What causes one part of a concrete slab pour to set slower than the rest of the pour? The amount of concrete involved is less than a truckload. The finishers have to wait longer for these spots to set up or settle for a slab that's wavy because some parts of the concrete are softer than other parts.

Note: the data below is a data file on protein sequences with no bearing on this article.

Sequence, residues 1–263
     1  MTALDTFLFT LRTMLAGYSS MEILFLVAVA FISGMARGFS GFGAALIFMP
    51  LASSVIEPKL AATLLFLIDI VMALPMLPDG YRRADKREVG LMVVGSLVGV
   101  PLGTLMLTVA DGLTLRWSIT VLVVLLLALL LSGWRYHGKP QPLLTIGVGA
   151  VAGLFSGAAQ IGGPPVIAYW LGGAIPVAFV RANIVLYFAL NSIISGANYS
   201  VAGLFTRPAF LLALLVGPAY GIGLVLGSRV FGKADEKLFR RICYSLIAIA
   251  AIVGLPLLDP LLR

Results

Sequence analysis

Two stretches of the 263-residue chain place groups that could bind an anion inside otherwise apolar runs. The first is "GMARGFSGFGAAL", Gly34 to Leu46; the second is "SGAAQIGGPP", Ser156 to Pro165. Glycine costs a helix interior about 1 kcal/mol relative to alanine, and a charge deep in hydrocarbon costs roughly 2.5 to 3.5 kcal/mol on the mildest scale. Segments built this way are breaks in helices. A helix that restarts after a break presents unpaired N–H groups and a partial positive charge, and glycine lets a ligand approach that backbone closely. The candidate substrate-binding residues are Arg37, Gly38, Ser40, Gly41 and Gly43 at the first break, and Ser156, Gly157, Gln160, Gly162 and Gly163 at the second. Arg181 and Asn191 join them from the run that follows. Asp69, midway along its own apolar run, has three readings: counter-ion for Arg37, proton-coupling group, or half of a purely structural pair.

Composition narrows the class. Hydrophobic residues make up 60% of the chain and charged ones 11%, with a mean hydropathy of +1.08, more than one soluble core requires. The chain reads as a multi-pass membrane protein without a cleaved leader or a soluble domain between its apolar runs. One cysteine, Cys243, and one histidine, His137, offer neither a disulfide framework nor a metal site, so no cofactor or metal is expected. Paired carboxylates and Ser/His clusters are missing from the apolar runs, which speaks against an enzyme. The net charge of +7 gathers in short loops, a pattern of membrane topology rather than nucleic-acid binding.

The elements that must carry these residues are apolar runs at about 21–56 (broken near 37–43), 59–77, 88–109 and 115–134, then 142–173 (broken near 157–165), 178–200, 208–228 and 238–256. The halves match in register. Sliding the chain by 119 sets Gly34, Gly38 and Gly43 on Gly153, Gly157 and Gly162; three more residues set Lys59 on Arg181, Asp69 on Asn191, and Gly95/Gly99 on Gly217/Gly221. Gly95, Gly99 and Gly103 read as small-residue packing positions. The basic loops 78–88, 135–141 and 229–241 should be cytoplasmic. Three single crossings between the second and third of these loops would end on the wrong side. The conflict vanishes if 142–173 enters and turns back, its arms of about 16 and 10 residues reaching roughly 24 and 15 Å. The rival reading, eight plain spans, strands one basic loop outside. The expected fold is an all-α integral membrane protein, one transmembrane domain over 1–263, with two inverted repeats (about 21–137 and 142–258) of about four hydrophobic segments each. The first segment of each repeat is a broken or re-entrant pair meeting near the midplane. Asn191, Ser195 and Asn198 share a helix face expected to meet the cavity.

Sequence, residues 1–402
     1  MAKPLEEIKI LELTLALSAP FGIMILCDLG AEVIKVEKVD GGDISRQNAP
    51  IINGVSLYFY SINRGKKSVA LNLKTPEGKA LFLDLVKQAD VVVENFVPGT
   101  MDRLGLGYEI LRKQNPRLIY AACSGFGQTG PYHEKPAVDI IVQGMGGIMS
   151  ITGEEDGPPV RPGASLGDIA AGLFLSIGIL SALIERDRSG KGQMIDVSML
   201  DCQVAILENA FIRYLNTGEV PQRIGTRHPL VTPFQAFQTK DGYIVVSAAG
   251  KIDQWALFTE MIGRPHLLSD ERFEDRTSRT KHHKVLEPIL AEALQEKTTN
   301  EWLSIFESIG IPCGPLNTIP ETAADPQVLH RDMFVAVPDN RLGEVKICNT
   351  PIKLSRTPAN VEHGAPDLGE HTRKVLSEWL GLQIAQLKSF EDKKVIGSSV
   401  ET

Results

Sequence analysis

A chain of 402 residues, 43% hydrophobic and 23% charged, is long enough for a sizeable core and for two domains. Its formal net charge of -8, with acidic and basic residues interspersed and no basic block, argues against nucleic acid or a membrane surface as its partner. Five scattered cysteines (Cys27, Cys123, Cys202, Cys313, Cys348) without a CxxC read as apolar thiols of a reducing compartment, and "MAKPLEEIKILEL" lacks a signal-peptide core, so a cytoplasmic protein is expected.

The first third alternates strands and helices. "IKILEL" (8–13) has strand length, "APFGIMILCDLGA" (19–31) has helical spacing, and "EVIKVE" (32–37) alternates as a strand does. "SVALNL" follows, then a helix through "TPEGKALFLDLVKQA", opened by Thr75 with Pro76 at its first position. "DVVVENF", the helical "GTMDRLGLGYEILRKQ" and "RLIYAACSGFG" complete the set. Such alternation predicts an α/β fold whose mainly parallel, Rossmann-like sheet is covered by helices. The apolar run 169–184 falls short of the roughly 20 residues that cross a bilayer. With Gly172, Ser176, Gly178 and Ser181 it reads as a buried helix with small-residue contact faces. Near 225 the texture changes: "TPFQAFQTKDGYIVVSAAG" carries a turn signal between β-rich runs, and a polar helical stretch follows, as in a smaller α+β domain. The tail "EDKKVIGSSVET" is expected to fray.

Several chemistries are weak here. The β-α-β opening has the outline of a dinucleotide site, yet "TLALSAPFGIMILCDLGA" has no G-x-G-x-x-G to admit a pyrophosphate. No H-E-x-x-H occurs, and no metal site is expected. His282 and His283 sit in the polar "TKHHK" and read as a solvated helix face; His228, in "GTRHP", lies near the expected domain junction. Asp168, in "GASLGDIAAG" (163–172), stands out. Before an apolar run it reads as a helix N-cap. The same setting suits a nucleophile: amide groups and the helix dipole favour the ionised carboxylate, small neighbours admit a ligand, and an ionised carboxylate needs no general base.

Guy Detwiler of Material Service Corp. in Chicago says that spot retardation can often be traced to one of three causes: A wet spot in the subgrade, often caused by a low spot that collects water used to dampen the base course. On pumped concrete jobs, concrete that's been wetted in the pump hopper. The last portion of a truckload of concrete is often rocky or drier than the rest of the load. Water is sometimes added to improve pumpability, but the added water also means the concrete will take longer to lose enough water to be ready for finishing. Spilled soft drinks or coffee that contains sugar. Workers sometimes toss the remains of a cup or can into the fresh concrete. Sugar is a potent retarder, so the affected area won't set as fast. Dick Gaynor of the National Ready Mixed Concrete Association says changes in the interaction between the cement and the water-reducing admixture may be the cause. To solve the problem, assuming the mix has worked in the past without causing problems, he advises the producer to: change cements, remove the water-reducer or retarder, or cut the admixture dosage in half. Gaynor also says water-reducing admixtures and retarding admixtures are more effective if the cement is wetted and the early hydration reactions have a few minutes to start before the admixture is introduced.